Caster Semenya is opening up about her frustration with trying to prove her womanhood to track officials in order to compete in the sport in which she excels.
In a new interview with HBO Real Sports airing in full Tuesday night, the 31-year-old South African track star discussed the moment she, as a teenager, offered to show her body in order to prove she was a female to World Athletics, the international governing body for track and field.
Semenya recalled her 800m win at the 2009 World Athletics Championships in Berlin, opening up about her dominant performance as an 18-year-old rookie that resulted in her being subjected to sex verification tests.
"They thought I had a d— probably," she said in a preview of the episode. "I told them, 'It's fine. I'm a female. I don't care. If you want to see I'm a woman, I will show you my vagina. Alright?' "
The IAAF later required Semenya to take an undisclosed medication that would lower her naturally high testosterone levels in order to compete against other female athletes.
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"It made me sick, made me gain weight, panic attacks. I didn't know if I was ever going to have a heart attack," Semenya said of the medication. "It's like stabbing yourself with a knife every day. But I had no choice. I'm 18, I want to run. I want to make it to (the) Olympics, that's the only option for me. But I had to make it work."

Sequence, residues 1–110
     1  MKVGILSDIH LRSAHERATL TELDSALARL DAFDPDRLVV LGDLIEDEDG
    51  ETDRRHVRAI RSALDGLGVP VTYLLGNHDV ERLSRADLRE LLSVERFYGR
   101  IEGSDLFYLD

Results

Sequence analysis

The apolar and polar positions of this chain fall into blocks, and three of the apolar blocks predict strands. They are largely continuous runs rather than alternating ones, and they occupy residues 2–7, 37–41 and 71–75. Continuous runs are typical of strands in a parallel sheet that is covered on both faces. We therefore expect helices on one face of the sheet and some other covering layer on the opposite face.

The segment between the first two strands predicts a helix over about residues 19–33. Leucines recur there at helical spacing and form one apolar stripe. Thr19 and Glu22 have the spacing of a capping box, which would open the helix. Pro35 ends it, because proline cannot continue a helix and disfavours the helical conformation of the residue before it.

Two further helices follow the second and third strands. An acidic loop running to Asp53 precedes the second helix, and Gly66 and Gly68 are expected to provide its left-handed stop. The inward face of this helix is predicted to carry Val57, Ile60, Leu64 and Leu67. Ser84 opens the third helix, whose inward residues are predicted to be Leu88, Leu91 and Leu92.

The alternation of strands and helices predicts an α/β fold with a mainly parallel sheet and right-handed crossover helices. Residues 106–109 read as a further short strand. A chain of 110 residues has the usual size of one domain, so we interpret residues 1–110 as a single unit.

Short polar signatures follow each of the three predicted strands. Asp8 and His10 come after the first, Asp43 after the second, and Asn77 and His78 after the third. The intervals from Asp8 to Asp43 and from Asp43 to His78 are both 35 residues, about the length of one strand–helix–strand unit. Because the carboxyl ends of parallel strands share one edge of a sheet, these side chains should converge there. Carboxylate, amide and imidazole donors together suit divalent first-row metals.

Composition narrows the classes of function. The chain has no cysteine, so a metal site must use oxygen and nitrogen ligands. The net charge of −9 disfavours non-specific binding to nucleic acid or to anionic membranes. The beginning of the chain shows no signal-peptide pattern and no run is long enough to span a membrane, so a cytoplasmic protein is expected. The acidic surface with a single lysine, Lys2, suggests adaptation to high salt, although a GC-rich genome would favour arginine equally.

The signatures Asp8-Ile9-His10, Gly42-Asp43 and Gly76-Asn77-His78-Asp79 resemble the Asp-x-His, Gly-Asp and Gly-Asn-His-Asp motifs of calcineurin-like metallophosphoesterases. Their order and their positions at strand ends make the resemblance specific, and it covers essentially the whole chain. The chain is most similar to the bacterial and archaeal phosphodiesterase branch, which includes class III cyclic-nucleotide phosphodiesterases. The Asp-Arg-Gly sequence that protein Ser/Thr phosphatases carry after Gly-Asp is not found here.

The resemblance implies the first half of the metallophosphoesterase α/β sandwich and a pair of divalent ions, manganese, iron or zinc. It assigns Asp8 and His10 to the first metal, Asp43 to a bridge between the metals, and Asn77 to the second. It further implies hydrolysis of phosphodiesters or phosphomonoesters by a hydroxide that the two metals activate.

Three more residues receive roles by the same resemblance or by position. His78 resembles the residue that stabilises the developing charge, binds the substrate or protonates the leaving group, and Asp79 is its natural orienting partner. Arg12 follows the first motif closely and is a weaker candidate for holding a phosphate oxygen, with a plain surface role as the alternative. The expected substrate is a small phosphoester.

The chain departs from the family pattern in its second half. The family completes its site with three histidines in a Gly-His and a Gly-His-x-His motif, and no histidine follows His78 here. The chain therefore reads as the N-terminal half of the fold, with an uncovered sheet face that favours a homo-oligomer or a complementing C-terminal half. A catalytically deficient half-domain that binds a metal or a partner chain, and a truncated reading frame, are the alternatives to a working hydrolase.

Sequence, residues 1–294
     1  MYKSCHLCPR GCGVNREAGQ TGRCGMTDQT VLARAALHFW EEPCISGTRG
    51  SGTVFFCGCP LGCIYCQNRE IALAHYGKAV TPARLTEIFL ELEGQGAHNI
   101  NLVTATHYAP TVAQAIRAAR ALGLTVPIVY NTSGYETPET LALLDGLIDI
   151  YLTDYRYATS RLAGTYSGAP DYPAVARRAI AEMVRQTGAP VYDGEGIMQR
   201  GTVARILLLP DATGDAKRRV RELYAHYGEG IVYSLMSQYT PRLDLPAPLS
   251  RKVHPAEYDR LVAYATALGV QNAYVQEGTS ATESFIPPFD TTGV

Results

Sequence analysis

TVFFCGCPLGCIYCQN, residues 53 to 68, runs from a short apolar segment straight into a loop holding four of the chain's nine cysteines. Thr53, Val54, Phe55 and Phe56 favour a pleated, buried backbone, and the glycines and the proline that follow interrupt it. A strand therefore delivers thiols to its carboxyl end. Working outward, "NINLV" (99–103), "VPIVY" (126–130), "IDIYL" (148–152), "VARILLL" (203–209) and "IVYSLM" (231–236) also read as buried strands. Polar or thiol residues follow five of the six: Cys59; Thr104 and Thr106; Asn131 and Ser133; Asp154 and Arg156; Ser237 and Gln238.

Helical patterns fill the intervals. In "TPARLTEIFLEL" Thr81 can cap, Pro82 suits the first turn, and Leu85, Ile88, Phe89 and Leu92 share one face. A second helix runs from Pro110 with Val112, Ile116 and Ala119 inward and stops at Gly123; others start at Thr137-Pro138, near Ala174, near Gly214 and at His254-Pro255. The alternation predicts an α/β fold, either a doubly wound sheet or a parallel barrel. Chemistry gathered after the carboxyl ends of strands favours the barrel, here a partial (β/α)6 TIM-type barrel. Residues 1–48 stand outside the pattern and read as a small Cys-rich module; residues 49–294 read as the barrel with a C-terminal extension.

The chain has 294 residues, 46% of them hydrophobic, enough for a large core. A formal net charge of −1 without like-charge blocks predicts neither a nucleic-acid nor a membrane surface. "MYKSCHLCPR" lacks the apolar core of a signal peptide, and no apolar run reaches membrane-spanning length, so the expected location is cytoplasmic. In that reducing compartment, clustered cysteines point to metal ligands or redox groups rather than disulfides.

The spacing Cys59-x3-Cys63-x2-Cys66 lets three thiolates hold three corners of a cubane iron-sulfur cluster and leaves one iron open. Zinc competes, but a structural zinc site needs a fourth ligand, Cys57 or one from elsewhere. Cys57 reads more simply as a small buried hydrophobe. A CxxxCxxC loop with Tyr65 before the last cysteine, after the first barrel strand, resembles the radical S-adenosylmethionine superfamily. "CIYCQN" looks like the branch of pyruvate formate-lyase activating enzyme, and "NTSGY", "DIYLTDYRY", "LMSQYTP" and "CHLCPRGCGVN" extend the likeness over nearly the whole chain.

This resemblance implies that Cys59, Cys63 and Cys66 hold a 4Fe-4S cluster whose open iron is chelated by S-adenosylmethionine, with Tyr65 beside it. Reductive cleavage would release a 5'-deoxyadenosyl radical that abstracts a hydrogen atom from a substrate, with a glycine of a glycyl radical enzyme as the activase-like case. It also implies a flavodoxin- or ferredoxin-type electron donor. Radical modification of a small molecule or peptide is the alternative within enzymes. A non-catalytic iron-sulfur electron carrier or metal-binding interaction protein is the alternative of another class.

Watch: Caster Semenya Fights Against Sexism
World Athletics lawyer Jonathan Taylor was also interviewed for the episode and defended the regulations for athletes with differences of sex development, claiming the medications aren't unhealthy because the drugs are suggested by "the world's leading experts."
"Jonathan must cut his tongue and throw it away," Semenya said in the clip responding to Taylor. "If he wants to understand how that thing has tortured me, he must go and take those medications. He will understand."
Semenya is currently banned from competing in distances from 400m to a mile at elite track meets. She can only race if she agrees to take medication to lower her testosterone again and meet updated regulations. However, Semenya has refused (In 2019, Semenya also said she would not take a hormone-reducing medication, outlets reported at the time). She hasn't run an 800m race at a major event since 2019, which also prevented the track star from defending her title at the Tokyo Olympics last year.
Semenya has challenged the testosterone regulations but lost in the Court of Arbitration for Sport and the Swiss Federal Tribunal. She is currently waiting for a hearing date at the European Court of Human Rights following her third appeal launched earlier this year.
Announcing her latest appeal in February, Semenya tweeted, "All we ask is to be able to run free as the strong and fearless women we are!!"